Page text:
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Italy's Salvini suggests migrant centres on Libya's southern borders

Italy's Salvini suggests migrant centres on Libya's southern borders
By Reuters
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By Ahmed Elumami

TRIPOLI (Reuters) - Italy's anti-immigration interior minister said on a visit to Libya on Monday he had proposed setting up migrant reception centres at Libya's southern borders to help stanch a flow of migrants across the Mediterranean Sea to Italy.

Matteo Salvini, whose far right League party has campaigned to bar migrants fleeing Africa and expel those already in Italy, and has been in a governing coalition since the start of June, did not say in which countries such centres could be located.

Libya has been the main departure point for migrants trying to reach Europe by sea since routes from Turkey were largely shut following a deal with the European Union in 2016.

Almost all arrive in Italy though crossings have fallen sharply last July as smuggling networks were disrupted under heavy Italian pressure and Libya's EU-trained coastguard stepped up interceptions.

"Reception and identification centres should be set up (in or to) the south of Libya," Salvini told reporters after meeting Libyan Interior Minister Abdulsalam Ashour and deputy Prime Minister Ahmed Maiteeg in the capital Tripoli.

Salvini said such centres would ease pressure on both Libya and Italy. He gave no details, but appears to envisage the centres as a way to process asylum requests outside the EU in order that those deemed not eligible can be quickly sent back to their home countries.

Salvini thanked the Libyan coastguard for the "excellent work" in rescuing and intercepting migrants and said the two countries were in "full agreement" over immigration.

However, Maiteeg, part of an internationally recognised government that has struggled to impose its authority on Libya from Tripoli, said that while it was ready to tackle migration, "we completely reject any migrant camps in Libya".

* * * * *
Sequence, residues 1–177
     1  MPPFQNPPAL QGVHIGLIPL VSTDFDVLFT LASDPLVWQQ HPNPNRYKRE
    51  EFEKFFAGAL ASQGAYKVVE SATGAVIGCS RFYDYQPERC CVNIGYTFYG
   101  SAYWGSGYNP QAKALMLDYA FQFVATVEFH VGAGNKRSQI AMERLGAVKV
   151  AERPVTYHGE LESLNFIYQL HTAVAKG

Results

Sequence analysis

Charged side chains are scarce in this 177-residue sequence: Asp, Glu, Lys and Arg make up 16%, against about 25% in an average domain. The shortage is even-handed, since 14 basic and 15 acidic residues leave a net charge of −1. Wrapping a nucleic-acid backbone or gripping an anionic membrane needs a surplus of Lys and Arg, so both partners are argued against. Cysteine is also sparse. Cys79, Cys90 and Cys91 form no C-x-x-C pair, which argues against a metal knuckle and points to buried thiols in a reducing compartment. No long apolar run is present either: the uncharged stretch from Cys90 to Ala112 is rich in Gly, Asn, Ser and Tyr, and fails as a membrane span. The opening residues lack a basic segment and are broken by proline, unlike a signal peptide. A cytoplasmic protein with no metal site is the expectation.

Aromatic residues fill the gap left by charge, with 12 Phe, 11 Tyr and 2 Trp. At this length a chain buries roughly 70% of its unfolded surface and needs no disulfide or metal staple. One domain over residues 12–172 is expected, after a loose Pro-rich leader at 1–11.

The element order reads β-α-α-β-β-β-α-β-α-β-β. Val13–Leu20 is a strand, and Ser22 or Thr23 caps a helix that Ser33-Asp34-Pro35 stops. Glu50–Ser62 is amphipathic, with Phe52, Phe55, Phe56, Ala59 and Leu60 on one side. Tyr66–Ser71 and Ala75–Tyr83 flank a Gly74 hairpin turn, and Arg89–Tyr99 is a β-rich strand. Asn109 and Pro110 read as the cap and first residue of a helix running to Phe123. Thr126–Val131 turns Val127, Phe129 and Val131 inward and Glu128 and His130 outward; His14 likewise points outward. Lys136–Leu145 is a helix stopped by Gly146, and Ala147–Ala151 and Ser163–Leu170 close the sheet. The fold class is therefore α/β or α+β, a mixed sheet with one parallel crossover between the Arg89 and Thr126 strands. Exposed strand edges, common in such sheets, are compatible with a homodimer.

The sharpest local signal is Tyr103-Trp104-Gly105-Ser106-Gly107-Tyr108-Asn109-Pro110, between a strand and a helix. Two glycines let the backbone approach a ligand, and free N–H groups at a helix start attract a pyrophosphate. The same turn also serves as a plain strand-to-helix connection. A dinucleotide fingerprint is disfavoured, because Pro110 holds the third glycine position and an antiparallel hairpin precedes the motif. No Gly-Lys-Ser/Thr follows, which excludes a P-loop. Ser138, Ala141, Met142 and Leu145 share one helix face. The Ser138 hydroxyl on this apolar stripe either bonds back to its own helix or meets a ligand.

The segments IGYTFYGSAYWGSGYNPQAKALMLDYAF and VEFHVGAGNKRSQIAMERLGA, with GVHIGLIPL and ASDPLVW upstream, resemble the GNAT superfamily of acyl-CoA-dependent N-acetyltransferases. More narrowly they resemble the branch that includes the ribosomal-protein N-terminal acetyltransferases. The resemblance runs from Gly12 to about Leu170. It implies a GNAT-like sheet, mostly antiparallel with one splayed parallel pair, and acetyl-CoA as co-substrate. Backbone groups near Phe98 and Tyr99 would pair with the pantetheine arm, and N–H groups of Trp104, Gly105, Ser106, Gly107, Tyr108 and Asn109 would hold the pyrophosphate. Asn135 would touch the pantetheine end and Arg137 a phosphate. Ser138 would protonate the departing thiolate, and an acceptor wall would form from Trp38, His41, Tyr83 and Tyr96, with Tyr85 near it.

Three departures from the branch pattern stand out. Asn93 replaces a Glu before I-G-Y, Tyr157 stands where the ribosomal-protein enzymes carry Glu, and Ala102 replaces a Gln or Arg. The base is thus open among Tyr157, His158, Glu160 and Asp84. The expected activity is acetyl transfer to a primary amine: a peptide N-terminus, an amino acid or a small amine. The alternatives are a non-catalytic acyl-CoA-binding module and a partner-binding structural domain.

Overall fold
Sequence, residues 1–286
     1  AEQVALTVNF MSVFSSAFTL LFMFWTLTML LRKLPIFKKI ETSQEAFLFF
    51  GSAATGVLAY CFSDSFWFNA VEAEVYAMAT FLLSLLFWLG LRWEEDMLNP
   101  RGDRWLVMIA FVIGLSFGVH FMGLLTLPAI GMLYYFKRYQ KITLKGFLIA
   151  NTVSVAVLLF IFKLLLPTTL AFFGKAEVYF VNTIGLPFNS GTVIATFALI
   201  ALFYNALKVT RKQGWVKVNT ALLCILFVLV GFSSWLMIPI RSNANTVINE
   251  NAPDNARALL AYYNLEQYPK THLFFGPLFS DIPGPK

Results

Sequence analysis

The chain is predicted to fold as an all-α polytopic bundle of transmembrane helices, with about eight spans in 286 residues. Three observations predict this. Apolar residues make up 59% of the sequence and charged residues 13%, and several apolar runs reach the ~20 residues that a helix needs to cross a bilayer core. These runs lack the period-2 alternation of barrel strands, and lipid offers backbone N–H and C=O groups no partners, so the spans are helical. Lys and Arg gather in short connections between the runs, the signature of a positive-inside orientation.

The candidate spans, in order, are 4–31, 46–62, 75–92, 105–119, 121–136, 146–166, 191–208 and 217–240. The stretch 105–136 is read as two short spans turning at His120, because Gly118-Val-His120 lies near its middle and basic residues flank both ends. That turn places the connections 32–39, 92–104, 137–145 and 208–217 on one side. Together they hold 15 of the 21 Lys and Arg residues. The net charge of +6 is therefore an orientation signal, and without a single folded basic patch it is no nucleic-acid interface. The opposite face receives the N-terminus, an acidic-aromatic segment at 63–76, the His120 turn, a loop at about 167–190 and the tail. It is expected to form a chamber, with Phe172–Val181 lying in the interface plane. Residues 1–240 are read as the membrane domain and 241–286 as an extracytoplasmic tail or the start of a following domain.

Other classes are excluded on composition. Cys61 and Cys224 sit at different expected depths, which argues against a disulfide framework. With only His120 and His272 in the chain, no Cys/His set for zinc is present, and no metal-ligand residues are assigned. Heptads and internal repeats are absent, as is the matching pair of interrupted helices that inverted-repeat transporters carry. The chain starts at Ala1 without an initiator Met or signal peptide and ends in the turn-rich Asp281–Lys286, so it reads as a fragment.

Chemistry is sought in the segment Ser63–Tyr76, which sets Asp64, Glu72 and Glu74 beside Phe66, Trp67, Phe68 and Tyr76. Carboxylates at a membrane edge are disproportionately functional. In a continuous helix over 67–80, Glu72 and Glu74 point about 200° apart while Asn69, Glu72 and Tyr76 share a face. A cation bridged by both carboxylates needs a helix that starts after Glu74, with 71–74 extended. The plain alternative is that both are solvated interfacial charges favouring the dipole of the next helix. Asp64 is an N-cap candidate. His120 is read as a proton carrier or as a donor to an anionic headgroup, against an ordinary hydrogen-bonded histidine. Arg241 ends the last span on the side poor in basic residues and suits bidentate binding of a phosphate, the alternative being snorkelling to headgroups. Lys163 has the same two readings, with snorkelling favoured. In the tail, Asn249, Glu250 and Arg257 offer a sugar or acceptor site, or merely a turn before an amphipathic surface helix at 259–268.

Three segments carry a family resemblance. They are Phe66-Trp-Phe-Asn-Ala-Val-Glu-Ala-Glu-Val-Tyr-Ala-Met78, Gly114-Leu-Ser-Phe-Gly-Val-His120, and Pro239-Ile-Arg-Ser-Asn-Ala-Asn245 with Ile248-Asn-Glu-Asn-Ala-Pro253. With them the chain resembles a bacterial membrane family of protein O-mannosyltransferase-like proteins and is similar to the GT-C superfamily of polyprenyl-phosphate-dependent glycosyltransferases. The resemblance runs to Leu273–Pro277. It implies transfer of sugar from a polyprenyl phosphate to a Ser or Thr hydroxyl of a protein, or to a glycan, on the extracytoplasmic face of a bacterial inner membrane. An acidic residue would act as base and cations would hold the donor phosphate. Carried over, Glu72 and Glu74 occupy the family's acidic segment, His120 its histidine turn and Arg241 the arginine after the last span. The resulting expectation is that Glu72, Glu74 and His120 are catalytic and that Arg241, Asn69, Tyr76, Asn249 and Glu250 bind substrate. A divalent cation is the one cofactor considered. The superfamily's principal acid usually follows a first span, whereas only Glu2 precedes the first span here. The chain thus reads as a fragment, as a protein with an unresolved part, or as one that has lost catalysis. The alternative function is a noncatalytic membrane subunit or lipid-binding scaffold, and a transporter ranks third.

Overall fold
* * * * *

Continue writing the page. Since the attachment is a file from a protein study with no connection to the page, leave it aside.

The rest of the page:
"This is not allowed under Libyan law and regulations."

It was unclear how viable it could be to set up migrant reception centres in the area mentioned by Salvini given general lawlessness in the Sahel desert region and its poorly demarcated borders, making it fertile ground for people smugglers.

Interceptions of migrant-laden boats by Libya's coastguard have surged over the past week.

But the interceptions have been criticised by human rights activists because of the dire conditions facing migrants in Libya, where they say they often face physical abuse including torture and rape.

(For a graphic on migrant sea crossings


Salvini has said Italians are fed up with the unwillingness of other EU countries to take in a fair share of migrants that reach the bloc via Italy. He has vowed not to let charity ships operating off Libya in recent years disembark migrants in Italy.

One such vessel with more than 600 migrants on board was stranded before it was accepted by Spain; a second vessel carrying more than 230 migrants is stuck in the Mediterranean.


A private cargo ship, the Alexander Maersk, has also been waiting to be assigned a port since it picked up 113 migrants off southern Italy on Friday.

"We'll do all we can to make sure it's the Libyan authorities that patrol Libyan waters," Salvini said, "by blocking the interference of associations (NGOs) that want to take the place of governments and actually help criminals and human traffickers.

"The problems of Libya need to be solved in Libya and not in other European capitals."

Since Mediterranean arrivals rocketed in 2015, when over a million refugees and migrants reached the bloc, EU leaders have been at odds over how to handle them. The feud has weakened their unity and undermined Europe's Schengen free-travel area.

Under largely Italian pressure, 16 EU leaders had emergency talks on Sunday but failed to agree a joint solution. Chancellor Angela Merkel of Germany, favoured destination of many migrants, said she would seek direct deals with separate EU states.


Just over 11,000 migrants have arrived in Italy from Libya so far this year, a drop of more than 80 percent compared with the same periods in 2016 and 2017, according to the Italian interior ministry.

(Additional reporting by Gavin Jones in Rome; Writing by Aidan Lewis; Editing by Mark Heinrich)

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